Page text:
Helping people find roommates

How we helped people find roommates by letting them post rooms in our marketplace

Company
Nooklyn
My role
Product Designer & iOS Engineer (interaction design, visual design, design systems, iOS programming)
Team
1 designer (me), 1 engineer (me), 1 design manager (Moiz Malik), 1 technical manager (Alex Dimitriyadi)
Timeline
3 months, 2019
Key result
Increased total number of rooms by 100%
Context

For a while, rooms could only be created by employees, not users

Nooklyn is a New York-based real estate marketplace specializing in apartment rentals, rooms, and roommates. For a while, rooms could only be created by employees, not users.

Problem

The old design didn't help users who wanted to move out

The old system only helped users move into an apartment by helping them find roommates. Many users have the opposite problem: they want to move out of their apartment so they need to find someone to take their place.

Goal

Enable users to self-sufficiently create, share, and manage room listings

Data + Insights + Constraints

Insights

Over the years, Nooklyn received hundreds of requests from users over many years asking how they could post rooms. We talked a few and learned:

  • Most users had used a competing product like Roomi, Craigslist, and Facebook.
  • In the other products, they disliked long processes.

Technical constraints

  • Users would not be able to make changes to data models in-app (they could do it on the website) after creating them. Therefore it was critical that we helped them enter correct information the first time.
Solution

For the user, creating a listing was going to be a long process

During the planning phase, we realized that we needed a lot of information from the user which meant that we'd lose many users by the end of the funnel.

To reduce the inevitable leakage, I decided to:

  • Break the process down into digestible chunks
  • Give users a breather every once in a while
  • Display progress indicators so the user doesn't feel lost and to encourage progress
  • Focus on getting users to the next step

We broke the process down into smaller chunks

I worked with the team to order the required information in a way that made sense from a product and technical perspective. We agreed to divide the process into 5 major steps. Then, I tested a few iterations of a view that communicated each step and its corresponding state.

We landed on the "Outline" view. The process starts, flows through, and ends with this view.

(1/4) First, we asked them to verify their identity to foster a safe community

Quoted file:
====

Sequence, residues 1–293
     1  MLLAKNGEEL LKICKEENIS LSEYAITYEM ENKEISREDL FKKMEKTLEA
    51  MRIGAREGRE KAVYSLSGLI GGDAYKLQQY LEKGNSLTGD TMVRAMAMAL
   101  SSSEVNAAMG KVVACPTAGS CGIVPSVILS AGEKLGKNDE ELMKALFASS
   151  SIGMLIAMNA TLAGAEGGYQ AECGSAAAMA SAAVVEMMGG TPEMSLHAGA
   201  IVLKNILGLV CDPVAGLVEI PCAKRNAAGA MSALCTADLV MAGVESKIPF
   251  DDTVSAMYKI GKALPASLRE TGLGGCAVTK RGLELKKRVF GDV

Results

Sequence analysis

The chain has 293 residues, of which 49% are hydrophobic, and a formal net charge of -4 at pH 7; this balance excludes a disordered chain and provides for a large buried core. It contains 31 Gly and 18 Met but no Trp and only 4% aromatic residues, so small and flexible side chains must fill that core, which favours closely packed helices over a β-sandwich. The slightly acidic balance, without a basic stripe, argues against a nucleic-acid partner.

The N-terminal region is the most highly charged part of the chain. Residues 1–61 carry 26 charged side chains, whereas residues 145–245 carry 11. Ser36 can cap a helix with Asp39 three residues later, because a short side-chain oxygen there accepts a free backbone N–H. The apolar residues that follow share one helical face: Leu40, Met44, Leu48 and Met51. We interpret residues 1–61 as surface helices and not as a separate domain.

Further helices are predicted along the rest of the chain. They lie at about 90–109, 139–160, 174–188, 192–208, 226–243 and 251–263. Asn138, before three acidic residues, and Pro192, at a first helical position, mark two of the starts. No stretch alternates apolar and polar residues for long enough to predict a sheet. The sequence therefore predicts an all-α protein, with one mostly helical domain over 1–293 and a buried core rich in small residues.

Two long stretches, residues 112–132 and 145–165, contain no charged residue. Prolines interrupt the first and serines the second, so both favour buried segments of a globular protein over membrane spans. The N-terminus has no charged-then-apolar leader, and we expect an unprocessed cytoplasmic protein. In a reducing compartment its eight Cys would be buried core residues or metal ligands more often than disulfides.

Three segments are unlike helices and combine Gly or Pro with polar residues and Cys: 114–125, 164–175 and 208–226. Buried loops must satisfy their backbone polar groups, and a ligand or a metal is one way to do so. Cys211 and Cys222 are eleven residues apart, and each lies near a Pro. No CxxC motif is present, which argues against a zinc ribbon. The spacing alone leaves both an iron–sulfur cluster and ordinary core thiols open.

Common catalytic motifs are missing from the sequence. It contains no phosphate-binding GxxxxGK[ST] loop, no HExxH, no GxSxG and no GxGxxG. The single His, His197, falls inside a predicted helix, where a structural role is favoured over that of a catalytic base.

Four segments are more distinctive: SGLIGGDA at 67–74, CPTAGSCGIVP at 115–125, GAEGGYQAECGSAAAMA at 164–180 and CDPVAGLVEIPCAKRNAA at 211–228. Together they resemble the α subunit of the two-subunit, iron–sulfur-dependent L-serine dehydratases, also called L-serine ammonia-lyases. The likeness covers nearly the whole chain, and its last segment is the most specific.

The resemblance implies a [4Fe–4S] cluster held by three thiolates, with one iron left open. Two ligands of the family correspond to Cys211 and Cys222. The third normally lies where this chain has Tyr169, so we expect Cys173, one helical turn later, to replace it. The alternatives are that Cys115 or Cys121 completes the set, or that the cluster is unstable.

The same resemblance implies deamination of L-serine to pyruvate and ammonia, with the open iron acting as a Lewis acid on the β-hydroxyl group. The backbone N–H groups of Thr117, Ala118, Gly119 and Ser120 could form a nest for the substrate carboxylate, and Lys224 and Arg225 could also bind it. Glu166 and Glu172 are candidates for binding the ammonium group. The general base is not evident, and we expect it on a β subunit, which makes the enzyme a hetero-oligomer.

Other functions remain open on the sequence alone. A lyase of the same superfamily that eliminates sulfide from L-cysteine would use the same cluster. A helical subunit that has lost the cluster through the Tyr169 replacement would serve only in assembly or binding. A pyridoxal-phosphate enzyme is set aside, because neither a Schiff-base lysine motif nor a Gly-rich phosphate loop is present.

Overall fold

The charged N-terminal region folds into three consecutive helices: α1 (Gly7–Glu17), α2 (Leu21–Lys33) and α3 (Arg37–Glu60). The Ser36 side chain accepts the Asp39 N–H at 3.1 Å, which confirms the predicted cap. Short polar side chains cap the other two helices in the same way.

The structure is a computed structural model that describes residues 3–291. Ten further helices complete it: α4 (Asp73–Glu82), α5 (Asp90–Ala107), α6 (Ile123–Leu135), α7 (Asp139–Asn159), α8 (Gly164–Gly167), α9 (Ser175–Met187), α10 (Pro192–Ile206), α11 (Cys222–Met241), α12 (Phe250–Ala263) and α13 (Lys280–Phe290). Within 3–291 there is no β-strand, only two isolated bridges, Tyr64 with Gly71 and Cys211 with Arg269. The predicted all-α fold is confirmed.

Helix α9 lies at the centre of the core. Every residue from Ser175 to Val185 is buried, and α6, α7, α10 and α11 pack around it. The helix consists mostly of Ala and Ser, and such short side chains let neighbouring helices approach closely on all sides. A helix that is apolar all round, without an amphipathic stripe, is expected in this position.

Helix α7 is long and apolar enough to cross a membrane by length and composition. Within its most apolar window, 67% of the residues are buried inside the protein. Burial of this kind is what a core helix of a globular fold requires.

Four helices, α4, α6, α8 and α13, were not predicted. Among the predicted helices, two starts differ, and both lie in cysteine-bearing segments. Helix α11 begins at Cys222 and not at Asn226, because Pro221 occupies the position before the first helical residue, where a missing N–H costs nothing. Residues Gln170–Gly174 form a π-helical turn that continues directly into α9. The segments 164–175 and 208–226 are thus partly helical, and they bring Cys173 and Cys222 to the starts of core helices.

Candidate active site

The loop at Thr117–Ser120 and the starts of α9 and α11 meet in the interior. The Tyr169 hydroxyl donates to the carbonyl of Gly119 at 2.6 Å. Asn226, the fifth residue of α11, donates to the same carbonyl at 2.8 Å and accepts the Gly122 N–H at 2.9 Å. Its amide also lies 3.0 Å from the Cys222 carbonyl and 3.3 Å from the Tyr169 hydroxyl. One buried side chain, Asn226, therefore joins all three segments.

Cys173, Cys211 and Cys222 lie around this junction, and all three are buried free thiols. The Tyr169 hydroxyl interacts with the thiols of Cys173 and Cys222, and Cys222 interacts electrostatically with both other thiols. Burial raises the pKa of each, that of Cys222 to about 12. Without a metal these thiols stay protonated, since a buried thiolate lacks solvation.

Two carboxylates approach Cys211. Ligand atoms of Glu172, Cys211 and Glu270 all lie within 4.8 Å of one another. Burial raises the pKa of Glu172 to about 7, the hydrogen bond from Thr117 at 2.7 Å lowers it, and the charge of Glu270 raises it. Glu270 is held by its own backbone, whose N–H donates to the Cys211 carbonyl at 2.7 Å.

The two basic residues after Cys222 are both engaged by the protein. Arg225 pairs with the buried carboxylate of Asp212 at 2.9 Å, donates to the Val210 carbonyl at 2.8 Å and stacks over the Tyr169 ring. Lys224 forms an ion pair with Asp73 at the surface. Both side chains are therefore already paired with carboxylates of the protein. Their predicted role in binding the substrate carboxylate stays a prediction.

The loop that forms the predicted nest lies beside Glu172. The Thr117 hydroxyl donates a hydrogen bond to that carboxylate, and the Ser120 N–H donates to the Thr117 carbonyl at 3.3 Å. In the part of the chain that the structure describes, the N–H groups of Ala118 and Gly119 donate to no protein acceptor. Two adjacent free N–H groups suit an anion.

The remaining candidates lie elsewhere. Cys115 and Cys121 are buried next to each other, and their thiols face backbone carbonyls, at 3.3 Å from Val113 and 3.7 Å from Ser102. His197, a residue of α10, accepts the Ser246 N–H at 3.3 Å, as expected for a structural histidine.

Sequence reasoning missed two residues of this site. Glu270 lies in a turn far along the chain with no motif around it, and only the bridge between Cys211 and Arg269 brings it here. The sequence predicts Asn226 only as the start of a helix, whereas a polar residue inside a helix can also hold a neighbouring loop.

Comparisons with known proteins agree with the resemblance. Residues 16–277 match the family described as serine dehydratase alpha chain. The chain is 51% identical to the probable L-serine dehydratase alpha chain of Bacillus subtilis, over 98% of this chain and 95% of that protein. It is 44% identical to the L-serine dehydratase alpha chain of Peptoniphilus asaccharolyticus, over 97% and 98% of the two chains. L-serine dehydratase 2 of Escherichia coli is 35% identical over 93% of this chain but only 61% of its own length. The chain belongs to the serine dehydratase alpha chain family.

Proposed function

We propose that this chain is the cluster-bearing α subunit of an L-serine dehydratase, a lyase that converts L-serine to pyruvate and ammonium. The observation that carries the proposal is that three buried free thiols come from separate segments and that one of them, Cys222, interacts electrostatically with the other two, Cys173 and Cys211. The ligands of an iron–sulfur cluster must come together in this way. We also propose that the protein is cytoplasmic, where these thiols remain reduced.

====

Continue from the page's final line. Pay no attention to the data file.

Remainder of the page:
Verify Identity was a big project that's the topic of this case study.

(2/4) Then, we broke it down even further as Apartment Details was especially long

Due to technical requirements, the user needed to enter all of an apartment's details in a single session to proceed. They wouldn't be able to edit any details after moving forward so it was critical that we helped the user complete the step quickly and correctly.

I designed a few new progress indicators to prevent the user from feeling lost and to encourage progress, settling on this two-tiered layout:

Step 2, Apartment Details, required 13 data points from the user. I split it into smaller subsections and added "Review" pages to the end of each one to give the user a chance to:

  • Take another break
  • Double check their work

There weren't established design patterns for data entry so I designed a new form for each data type.  

(3/4) Next, we created a better photo upload experience

Before iOS 14, the system-provided photo picker didn't let users review their selections. I improved the editing process by adding a toolbar that lets users quickly edit selected photos.

(4/4) Finally, we asked 3 simple questions about each room

The step to add rooms was straightforward—just a couple of text fields.

Users would need to chat with interested roommates to discuss compatibility and schedule tours

After creating the listing, users could direct message with other users who requested a tour to view the apartment. I wanted to add a popover to remind both users which apartment a conversation was about but in the end, we declared it a nice-to-have and shipped without it.

Users needed to share and delete listings too

Finally, users needed to manage their listings. Due to technical constraints, there wasn't much else that the user would be able to do other than share a listing and remove it from the marketplace once they found a roommate. I tested a couple designs and ended up with a simple master-detail navigation structure.

Impact

After launching, we saw a 100% increase in total number of rooms in less than 3 months

The feature was a huge success. Within 3 months, hundreds of rooms were create until the total number of rooms more than doubled.